Social worker and reformer Julia Lathrop was nicknamed “America’s First Official Mother” for her devoted work in bettering the conditions for the often-neglected members of society: children, the mentally challenged, and the disabled. Yet Lathrop understood early in her career that caring did not suffice in heralding real changes in the torrid living conditions of the people she sought to help. Lathrop declared, “The era of rule by thumb and a kind heart must give way to trained individuals, whose kindness of heart is rendered more effective because [it is] governed by intelligence.” Praxis was everything for Lathrop; her methodical work and hands-on dedication to her work reaped significant improvement in poverty and childcare reforms in the United States and abroad.
Julia Clifford Lathrop was born in 1858, in Rockford, Illinois. She attended Rockford College for two years before entering Vassar, graduating in the class of 1880. At Vassar, Lathrop conceived her own “disciplinary training,” studying statistics, institutional history, sociology, and community organization. Her interest in multidisciplinary studies would eventually manifest itself in 1924 in the School of Euthenics at Vassar, which Lathrop helped to develop with trustee Minnie Cumnock Blodgett, drawing on the ideas of Ellen Swallow Richards ’70, who had coined the term and defined the discipline. Lathrop’s father, attorney William Lathrop, was quite active in politics (and a friend of President Lincoln) and drafted the first bill allowing women to practice law. After graduation, Lathrop worked in her father’s firm, acquiring knowledge about the working of the law.
In 1890 Lathrop moved to southwest Chicago, a notoriously poor section of the city, to work under Jane Addams at the Hull House, a settlement home for immigrants and the poor. Lathrop undertook an extensive survey of the residents’ environment and welfare to expose the abysmal living conditions of the area. Her findings were compiled into the “Hull House Maps and Papers.” In recognition of her work, the governor of Illinois appointed Lathrop to the State Board of Charities in 1892. The next year Lathrop inspected numerous mental health organizations, orphanages, shelters, and soup kitchens on behalf of the Illinois Board of Charities. She also visited all 102 poorhouses in Illinois, and in 1899 she established a juvenile court in Chicago, the first court of its kind in the United States.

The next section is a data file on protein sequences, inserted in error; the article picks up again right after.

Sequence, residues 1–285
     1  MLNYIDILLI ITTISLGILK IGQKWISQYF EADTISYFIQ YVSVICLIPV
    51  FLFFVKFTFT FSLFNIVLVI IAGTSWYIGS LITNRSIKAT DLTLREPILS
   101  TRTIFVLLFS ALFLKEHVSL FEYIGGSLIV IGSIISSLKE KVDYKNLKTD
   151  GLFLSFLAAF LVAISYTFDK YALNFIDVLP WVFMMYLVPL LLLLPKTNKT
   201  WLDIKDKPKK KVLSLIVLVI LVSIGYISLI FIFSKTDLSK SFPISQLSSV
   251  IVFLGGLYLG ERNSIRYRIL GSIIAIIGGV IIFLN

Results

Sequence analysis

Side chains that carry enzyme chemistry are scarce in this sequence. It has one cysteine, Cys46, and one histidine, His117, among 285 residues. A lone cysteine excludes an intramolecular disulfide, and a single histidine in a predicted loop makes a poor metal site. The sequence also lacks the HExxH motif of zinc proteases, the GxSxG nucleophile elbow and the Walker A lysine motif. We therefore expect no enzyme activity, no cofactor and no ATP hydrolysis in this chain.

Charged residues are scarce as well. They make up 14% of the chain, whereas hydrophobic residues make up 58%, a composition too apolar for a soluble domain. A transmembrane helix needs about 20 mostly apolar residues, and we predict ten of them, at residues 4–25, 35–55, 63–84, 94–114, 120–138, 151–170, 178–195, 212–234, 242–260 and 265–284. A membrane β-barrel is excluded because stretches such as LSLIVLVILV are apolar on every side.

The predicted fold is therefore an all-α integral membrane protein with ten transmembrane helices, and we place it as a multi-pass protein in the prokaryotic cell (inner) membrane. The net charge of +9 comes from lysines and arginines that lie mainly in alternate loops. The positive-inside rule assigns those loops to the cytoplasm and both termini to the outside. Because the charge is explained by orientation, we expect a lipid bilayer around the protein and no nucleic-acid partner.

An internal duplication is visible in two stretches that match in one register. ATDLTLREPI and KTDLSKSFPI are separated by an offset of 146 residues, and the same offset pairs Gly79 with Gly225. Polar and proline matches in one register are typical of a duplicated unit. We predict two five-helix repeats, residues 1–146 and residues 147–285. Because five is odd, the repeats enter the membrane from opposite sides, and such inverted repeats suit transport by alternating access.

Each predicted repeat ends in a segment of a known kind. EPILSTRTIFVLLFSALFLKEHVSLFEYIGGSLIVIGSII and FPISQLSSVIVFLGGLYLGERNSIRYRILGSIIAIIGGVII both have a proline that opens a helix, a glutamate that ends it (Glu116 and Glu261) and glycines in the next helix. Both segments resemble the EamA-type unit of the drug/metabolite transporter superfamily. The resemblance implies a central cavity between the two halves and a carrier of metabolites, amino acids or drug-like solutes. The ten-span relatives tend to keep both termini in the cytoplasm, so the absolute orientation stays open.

In 1912 President Taft appointed Julia Lathrop chief of the newly formed Children’s Bureau in the Department of Commerce and Labor. The first woman to be made bureau chief in US history, Lathrop worked for the bureau until 1921. Under her leadership, the Bureau worked to tackle major problems such as infant mortality, poor nutrition, and juvenile delinquency. After the Keating-Owen Child Labor Act was passed in 1916 (prohibiting interstate commerce of goods manufactured by children), a Child Labor Division was created in the bureau to enforce the Act. Lathrop, along with the Bureau, was also highly involved in the lobbying for the Sheppard-Towner Act (passed by Congress in 1921), which allotted federal funds to states to create programs for maternity care. From 1918 to 1919 Lathrop served as President of the National Conference for Social Work. She also served on the Vassar Board of Trustees from 1912 to 1918.
In 1918 after the armistice of World War I, President Wilson sent Lathrop and another social worker, Grace Abbott, to Europe for an international conference on child welfare. Lathrop became instrumental in the formation of a childcare bureau in the newly formed country of Czechoslovakia. In 1925, Lathrop again traveled to Europe on behalf of the United States, this time to Switzerland for the League of Nations Childcare Commission.
Lathrop traveled extensively to call attention to the plight of impoverished children, factory workers, and the mentally ill. Though she was often on the road, Lathrop always returned home to her birthplace of Rockford, Illinois. She died there in 1932.
Vassar Story: Julia Lathrop, VC 1880: Children’s Champion
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